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Photographs of the re-alignment of the B9169 leaving the village heading east, October 1989.
Images of the route of the old B9169 at Woodholme Croft now posted at the start of the Gallery. These came to light during the preparations for a house development.
Between 13,000 and 10,000 years ago the ice sheets finally retreated from this area and by 7000 years ago the grasses, shrubs and small trees such as birch that first covered the land were themselves covered by extensive forest populated with elk, deer, bear and wolves. Our local human history began with the Middle Stone Age people who as nomadic hunter/gatherers established migration routes which can be traced today in the layout of modern roads. One such track led down the line of Dingwall high street to the ferry crossing to Alcaig. An influx of new arrivals occurred about 3500BC from Europe and these became the farmers creating permanent settlements leading to connecting routes. The main overland routes to the south from the Black Isle were the drovers’ routes. Muir of Ord’s Market Stance was the meeting point for the droves from the Black Isle, Strathconon and Easter Ross before their journey south to Crieff and Falkirk.
This article will uncover some of the historical paper evidence of roads and the changes to the roads that have taken place in recent times. The local ferries will be covered as will the effect of the railway system from Inverness to Muir of Ord, Dingwall and Invergordon with reference to the Fortrose branch and "our own" attempt to join the railway system as told in the chapter "The railway that nearly came to Culbokie". The Scudell ferry across the River Conon is referred to in the main text and a photograph of its location has been added to the Gallery at the foot of this page.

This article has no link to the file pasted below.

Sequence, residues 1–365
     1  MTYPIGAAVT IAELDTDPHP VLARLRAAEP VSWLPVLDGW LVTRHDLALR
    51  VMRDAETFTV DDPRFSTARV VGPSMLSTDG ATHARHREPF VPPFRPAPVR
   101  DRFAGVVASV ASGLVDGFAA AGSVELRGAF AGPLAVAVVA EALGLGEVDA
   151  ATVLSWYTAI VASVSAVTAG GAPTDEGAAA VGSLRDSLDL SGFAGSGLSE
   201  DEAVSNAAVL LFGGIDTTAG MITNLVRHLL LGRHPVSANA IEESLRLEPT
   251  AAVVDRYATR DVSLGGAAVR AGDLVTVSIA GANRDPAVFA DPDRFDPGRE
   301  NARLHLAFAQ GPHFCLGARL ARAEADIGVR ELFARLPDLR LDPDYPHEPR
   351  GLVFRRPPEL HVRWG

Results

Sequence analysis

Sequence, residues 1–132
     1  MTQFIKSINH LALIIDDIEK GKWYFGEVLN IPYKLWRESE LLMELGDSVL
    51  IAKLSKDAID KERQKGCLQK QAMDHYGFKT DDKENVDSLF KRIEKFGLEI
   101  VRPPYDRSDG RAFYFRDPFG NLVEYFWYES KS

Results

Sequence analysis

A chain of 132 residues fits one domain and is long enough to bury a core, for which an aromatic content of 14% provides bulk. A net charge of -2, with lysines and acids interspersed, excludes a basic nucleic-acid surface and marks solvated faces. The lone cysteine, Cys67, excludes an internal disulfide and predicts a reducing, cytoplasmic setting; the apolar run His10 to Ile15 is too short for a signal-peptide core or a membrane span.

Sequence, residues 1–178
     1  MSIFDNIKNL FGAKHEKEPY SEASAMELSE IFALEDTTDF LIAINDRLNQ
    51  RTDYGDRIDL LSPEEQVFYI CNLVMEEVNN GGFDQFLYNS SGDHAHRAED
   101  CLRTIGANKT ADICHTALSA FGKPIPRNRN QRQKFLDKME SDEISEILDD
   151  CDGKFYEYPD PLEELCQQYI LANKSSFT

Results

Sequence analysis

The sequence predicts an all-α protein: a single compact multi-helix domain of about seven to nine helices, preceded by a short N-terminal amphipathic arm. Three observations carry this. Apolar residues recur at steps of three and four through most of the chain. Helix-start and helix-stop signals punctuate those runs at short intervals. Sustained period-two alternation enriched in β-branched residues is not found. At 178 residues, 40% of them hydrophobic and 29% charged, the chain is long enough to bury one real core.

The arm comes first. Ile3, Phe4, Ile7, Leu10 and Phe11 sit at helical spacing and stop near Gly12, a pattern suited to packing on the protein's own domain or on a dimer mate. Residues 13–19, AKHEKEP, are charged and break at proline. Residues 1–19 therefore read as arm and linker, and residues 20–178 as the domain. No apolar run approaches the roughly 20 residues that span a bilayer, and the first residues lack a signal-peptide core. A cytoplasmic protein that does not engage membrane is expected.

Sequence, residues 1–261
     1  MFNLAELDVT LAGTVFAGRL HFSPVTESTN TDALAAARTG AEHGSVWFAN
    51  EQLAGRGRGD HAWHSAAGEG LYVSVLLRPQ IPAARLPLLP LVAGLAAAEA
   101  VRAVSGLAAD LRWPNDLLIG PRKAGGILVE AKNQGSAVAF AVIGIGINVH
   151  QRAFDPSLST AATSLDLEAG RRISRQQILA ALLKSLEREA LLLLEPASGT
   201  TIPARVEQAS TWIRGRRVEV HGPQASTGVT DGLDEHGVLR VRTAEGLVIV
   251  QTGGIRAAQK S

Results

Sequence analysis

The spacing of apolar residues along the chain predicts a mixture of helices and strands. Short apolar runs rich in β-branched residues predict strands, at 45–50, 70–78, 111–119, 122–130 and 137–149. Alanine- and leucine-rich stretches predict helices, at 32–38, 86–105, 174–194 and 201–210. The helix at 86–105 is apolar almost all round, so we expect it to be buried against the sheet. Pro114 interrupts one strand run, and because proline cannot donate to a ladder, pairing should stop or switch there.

Illustrations of the various means of transport associated with Culbokie have been added to the Gallery at the foot of this page.
The photos of lorries and buses illustrate what the village would have seen on a daily basis prior to the building of the A9, in the case of the lorries, and the increase in car ownership, in the case of the buses. H D Fraser had their depot at Balblair and Highland Haulage had their depot at Rootfield at the Leaniag crossroads. The only viable route south from all parts of the Black Isle was the B9169 to Muir of Ord and then hence via Beauly to Inverness. There is still one haulage company to be represented and that is Duncan McCallum, Braefindon, but as yet there are no photographs available.
Click on one of the images to open a slide show and progress left or right. It is quite likely that this gallery will be updated quite regularly as more historic photographs relating to Culbokie become available.
A film showing the construction of the Cromarty Bridge can be viewed here.
The story of the A9 crossing the three firths can be downloaded here.
January 2023. The Highland Historic Environment Record (HER) web site provides a search facility at https://her.highland.gov.uk/monuments/search which revealed details of what is assumed to be a possible early road from Tarradale to Tain. Whilst not strictly our part of the Black Isle the fact that routes across the Black Isle through the Culbokie area, accessing the various ferry crossings reaching Easter Ross might make this roadway play a significant part in the communications for our residents.
There is also reference to a line of boulders that are refered to as a pier. From the map location it is felt that this is not the main jetty at the quarry which features in various photographs and was built over bythe new A9.